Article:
Should Investors Get Out Of Oshkosh (OSK) Before Carl Icahn Does?

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ICAHN CAPITAL LPIt appears that Carl Icahn has given up on Oshkosh Corporation (NYSE:OSK). The 13D that Icahn filed with the SEC earlier this week showed that he had sold off over 1.2 million shares, dropping his stake in the company to 8.1% from 9.5%. This drove the stock down as much as 7%. Icahn’s hopes of turning around the company appears to be diminished as he failed to get 22% of the company’s shares tendered to him, below the 25% threshold that he wanted for extending the offer and moving forward with a proxy contest. The billionaire activist investor has been showing interest in other stocks he has been building a position in (see Carl Icahn’s newest bets here).

Icahn has been a large shareholder of the equipment maker Oshkosh since 2011 and has been in a heated battle to have new members elected to the board. This would be just one stepping stone to what many believe is Icahn’s plan to break the company into a defense and a construction equipment company. Shortly after Icahn took a 10% stake in Oshkosh last year, he took a noticeable stake in Navistar International Corp (NYSE:NAV). The idea is that with enough pressure, Icahn could convince the two companies to merge their defense units.

Icahn had been unsuccessful in electing six board candidates to the board earlier this year and upped his efforts by offering $32.50 per share – a 20% premium at the time – for the over 90% of Oshkosh shares he did not already own in an effort to get his candidates on the board. Icahn has called for a more aggressive growth strategy, believing that management has underachieved that implementing new initiatives at the company.

Bank of America analysts and Oshkosh’s management rebutted Icahn’s offer as undervaluing the equipment company, though, so there were mixed feelings to say the least. We believe that potential Oshkosh investors might fall into a so-called value trap, where the stock’s valuation looks attractive, but there are bearish fundamental issues at play. The industrial company appears to trade below many of its major peers at 10x earnings, but we believe this sub-industry average P/E is warranted.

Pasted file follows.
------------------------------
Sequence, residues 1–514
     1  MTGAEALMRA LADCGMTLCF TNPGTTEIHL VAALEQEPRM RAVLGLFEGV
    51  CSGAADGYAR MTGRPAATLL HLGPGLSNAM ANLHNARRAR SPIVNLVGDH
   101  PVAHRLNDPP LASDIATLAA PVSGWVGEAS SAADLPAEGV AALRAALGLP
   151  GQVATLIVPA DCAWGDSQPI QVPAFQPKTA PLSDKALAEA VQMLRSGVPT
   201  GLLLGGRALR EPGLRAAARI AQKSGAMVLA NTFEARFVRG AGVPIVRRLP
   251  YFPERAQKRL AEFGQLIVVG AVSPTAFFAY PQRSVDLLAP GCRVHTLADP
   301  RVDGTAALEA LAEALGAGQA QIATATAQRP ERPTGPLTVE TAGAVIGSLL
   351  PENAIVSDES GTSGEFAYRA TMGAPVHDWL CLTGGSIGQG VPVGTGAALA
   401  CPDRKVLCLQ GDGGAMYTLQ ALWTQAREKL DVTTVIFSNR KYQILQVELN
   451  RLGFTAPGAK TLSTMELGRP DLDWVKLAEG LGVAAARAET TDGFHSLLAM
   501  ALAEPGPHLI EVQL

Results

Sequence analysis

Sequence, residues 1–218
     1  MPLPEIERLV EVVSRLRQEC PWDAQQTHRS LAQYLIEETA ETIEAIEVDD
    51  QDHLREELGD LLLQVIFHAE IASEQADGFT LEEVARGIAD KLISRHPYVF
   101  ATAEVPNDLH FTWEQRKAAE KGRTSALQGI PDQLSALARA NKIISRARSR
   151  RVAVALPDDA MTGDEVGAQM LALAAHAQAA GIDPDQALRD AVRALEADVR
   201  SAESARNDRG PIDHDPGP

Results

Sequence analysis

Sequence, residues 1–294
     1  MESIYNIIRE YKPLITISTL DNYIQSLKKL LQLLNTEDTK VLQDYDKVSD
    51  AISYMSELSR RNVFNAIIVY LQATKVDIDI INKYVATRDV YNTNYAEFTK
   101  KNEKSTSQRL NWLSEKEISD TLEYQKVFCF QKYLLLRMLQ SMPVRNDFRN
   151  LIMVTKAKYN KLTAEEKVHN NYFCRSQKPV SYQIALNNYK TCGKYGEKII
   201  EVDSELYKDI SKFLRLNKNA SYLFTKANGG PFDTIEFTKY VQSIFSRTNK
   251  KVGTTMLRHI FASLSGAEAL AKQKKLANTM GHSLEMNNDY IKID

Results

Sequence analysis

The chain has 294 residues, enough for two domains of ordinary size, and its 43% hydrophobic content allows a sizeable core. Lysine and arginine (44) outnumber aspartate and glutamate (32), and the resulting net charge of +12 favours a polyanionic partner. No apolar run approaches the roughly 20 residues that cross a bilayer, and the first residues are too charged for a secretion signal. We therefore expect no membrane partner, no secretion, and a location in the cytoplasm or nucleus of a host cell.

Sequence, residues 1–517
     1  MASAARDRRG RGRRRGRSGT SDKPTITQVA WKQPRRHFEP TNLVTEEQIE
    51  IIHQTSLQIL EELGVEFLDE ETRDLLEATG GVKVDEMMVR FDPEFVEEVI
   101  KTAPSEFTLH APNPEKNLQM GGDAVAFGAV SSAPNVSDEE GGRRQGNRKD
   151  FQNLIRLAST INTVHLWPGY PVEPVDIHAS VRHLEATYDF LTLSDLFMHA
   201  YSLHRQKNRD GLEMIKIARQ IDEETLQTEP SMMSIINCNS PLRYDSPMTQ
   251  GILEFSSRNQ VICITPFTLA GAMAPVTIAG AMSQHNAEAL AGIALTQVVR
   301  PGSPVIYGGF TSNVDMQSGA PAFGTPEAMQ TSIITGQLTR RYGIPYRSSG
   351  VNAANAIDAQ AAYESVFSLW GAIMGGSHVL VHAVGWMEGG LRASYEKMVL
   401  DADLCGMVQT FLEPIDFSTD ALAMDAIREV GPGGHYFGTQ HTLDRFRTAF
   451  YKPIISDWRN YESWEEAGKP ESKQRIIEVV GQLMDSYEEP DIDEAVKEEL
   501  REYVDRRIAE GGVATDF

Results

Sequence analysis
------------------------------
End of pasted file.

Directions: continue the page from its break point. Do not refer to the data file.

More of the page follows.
Icahn does not always succeed, as exhibited by exits from Clorox and Commercial Metals after unsuccessful bid attempts. Since Icahn started removing himself from these companies they have both underperformed the broader market, as measured by the S&P 500. Clorox is up only 9% versus the S&P that is up 17%, and Commercial Metals is down 9% compared to the S&P that is up 9%.

There still appears to be significant risk in Oshkosh’s defense segment and the equipment company will now have to rely heavily on its commercial segment. Revenues are expected to be down 7% in 2013 due to a sharp decline in defense demand. Oshkosh’s recently quarterly results showed that the vehicle manufacturer beat estimates of $0.47 by posting $0.71; even so, backlog was down heavily, 38% year over year and 13% quarter over quarter. This downfall in backlog was mainly driven by weakness in the access equipment business, which was expected to carry the company, down 50% year over year and 51% quarter over quarter.

Although some analysts and management still attach an undervalued status on Oshkosh based on a sum-of-the-parts valuation, the reality remains that to effectively break up the company there would need to be a buyer. There are limited parties interested who could get enough synergistic value to pay the premium that management is expecting. We believe that although the Oshkosh-Navistar segment merger might not come to fruition, Navistar could serve as a better standalone investment.

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